Exciting changes coming to Ruth Ellis Center
State contract gives LGBT youth better chance at placement
By Jason A. Michael
Originally printed 11/17/2011 (Issue 1946 - Between The Lines News)
The Ruth Ellis Center has been granted a contract by the Michigan Department of Health and Human Services that will allow LGBT youth to be placed directly with the agency. While long a licensed child caring institution, up until now REC has operated as a non-contracted agency. This meant that an LGBT youth placed in the foster care system had to be rejected by not one, but six contracted agencies before they could be placed at REC.
"A case worker had to fill out - no exaggeration - 80 additional pieces of paperwork to get someone placed at a non-contracted agency," explained REC Executive Director Laura Hughes. "So all these things were stacked against kids who needed to come to the Ruth Ellis Center. Having a contract with the state means that LGBT kids who come into the system have the chance to come to REC on their first instance and be served by providers who are LGBT experts. This is probably the biggest thing to happen to the center since we opened Ruth's House."
The center opened Ruth's House in 2004. The Detroit duplex includes five beds on each side. The contract applies to the half of the house the center calls their intensive treatment units, where minors age 12-17 are placed. The other half operates as a transitional living center for young adults from 18-21.
"You age out of foster care when you hit 18 and you're on your own," said Hughes. "Statistics show that 25 percent of those kids age out directly into being homeless, and another 25 percent are homeless within a year. That's nationally. So if we think about LGBT kids who are underrepresented and least likely to be adopted, this really improves their ability and gives them the opportunity to be in an affirming environment, which means their chances are better later on."
Drop-in center news
In addition to the state contract, other changes are in the works at REC as well. Among them, REC's drop-in center in Highland Park is going to be open one additional day per week.
"We're expanding the hours that we're open," Hughes said. "On Thursdays we're going to have a workshop for lesbian and bisexual girls, and one for transgender youth as well. It really fits with our goal to build an inclusive environment for all LGBT youth. So I think that's really exciting as well."
While the agency, like most non-profits in the state, has faced the burden of reduced grant funding in recent years, diversifying its income streams in innovative ways has allowed them to remain viable.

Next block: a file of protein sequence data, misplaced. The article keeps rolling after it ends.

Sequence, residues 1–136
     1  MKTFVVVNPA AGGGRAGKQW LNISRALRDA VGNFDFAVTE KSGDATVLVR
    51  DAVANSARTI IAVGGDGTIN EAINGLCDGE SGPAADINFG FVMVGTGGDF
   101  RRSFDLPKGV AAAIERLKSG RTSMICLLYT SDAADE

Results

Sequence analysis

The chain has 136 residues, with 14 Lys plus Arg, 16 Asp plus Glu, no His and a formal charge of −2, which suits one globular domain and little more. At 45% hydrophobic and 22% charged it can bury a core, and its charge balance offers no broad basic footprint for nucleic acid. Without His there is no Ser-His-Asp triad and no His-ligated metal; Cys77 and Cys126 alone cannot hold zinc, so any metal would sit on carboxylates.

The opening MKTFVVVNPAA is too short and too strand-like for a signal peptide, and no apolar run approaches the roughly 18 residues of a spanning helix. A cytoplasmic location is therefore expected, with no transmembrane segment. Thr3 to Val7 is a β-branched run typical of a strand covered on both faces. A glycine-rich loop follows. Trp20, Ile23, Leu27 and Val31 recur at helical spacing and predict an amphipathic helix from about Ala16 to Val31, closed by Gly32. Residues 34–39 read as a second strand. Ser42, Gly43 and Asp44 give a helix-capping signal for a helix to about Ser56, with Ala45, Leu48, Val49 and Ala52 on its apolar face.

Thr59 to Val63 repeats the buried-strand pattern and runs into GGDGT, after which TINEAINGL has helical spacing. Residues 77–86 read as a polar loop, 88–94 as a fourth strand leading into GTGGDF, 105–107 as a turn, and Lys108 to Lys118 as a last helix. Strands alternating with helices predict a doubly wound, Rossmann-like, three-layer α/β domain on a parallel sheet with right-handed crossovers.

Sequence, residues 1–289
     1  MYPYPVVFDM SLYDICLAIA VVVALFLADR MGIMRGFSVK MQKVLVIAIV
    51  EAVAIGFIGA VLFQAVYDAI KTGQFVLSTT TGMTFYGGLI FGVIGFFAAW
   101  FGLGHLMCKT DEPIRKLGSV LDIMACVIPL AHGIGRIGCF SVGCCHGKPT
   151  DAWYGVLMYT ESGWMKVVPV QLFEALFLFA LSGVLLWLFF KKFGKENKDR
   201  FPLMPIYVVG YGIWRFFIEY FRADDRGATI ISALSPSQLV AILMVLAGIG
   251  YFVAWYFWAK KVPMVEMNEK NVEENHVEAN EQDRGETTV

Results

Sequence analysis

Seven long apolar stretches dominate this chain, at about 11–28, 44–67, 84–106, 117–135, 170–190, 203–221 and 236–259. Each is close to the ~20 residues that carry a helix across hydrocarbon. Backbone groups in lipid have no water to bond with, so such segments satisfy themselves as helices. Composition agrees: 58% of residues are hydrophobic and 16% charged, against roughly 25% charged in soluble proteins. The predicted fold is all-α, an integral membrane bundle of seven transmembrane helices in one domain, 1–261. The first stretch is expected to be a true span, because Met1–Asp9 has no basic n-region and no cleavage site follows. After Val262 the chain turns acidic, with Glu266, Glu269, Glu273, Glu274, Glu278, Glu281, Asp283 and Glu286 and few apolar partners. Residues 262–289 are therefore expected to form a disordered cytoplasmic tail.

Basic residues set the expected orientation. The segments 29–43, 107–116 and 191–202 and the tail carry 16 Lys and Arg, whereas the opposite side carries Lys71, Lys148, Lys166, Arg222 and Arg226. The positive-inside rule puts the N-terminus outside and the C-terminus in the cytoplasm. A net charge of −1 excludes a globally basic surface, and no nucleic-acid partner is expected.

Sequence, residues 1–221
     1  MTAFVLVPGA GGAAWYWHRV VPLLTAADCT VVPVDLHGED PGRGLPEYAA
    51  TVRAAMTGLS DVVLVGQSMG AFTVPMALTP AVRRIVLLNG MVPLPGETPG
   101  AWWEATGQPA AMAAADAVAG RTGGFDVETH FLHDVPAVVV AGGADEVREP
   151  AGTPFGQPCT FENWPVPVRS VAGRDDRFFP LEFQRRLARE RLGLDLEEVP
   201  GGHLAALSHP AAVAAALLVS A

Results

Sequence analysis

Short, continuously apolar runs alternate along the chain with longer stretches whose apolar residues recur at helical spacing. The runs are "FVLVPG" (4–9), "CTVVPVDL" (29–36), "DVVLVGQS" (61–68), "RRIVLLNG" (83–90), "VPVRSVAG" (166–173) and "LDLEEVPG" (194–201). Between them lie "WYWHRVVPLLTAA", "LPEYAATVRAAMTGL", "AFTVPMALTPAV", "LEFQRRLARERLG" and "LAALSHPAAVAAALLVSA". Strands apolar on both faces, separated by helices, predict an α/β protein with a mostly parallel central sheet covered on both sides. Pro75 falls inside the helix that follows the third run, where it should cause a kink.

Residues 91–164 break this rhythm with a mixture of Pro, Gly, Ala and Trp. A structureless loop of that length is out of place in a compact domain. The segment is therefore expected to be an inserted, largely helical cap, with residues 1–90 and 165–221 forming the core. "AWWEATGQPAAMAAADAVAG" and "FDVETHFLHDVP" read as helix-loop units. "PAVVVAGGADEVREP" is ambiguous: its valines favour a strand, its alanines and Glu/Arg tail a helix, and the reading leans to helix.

"We've had substantial changes in 2007 and 2008 as far as our funding sources," said Hughes, who came on board in 2009. "Kevin Howley, our previous interim executive director, created a real sustainable business plan that we've followed to a T. We've worked really, really hard to try to get the stories of our young people out and to really talk about that really within our community. The greatest example of homophobia we face is the fact that people kick their kids - because they're LGBT - out of their homes and think that's OK."
Hughes said that the biggest proof that their message is resonating lies with the outpouring of support the agency has received from the community.
"This past year has been an incredible year of support from the community," she said. "For our annual event, we raised four times what we did last year. That's just incredible. Plus, we've more than doubled the amount that we have brought in from individual donors from last year to this year - and we're not done yet."
Much of the credit, Hughes said, goes to her staff.
"We have a new team that is fresh and innovative," she said. "It's so powerful. So many really, really exciting things are happening. I think we're really getting to see the seeds that we have planted come to fruition."For more information on the Ruth Ellis Center, visit http://www.ruthelliscenter.org.
- School To Re-Examine Policy That Led To Dismissal Of Lesbian Teacher
- The LGBT&A Caucus Changes The Political Landscapes
- Pride Night At The Palace
- Fifth Annual Transgender Health Fair
- HARC Introduces Virtual AIDS Walk
- OUTFest Returns For 20th Annual Celebration
- State Republicans Question Need For "T" In LGBT Protections
- Sterling Heights City Council Rescinds Non-Discrimination Law
- Human Sexuality Collection
- Bidwell Tovarez PLLC
- Crest Volvo
- Darrell's Firestone
- Campus; Student and Alumni Groups
- Eastern Michigan University, LGBT Resource Center
- Community Centers
- Financial Services
- MassMutual Southeast Michigan
- Pet Training
- Camp Bow Wow Clarkston
- Berman Center for the Performing Arts
- The Ark
Enter contests to win great prizes like CDs, DVDs, concert tickets and more
- Q&A: Bill Hader Talks Gay Kisses ('Paul Rudd Tastes Like Chicken') & Trans Sketch ('Sorry')
- Q&A: Jennifer Hudson On Lesbian Rumors & Drag Queen Attitude: 'I Don't Care What You Think'
- Q&A: Annie Lennox On Her Legacy, Why Beyonce Is 'Feminist Lite'
- Barbra Streisand's Duet With Gay Son Is Highlight Of New Album
- BREAKING: Is Terri Lynn Land's Family Violating Nonprofit Regulations?
Sign up to receive our weekly newsletters today!
Democratic gubernatorial candidate Mark Schauer and running mate Lisa Brown sat down with BTL publishers Jan Stevenson and Susan Horowitz prior to the Michigan Democratic Convention for a wide-ranging conversation about their campaign, what a SchauerBrown administration would be like for the LGBT community and who would be included. They addressed LGBT civil rights, health issues, senior care, marriage equality and how both of them have come to be such vocal allies of the LGBT community. Here is a recap of Schauer's words on these concerns.View More Pride Source Votes
This Week's Issue
Download or view this week's print issue today!
Sign up to receive our weekly newsletters today!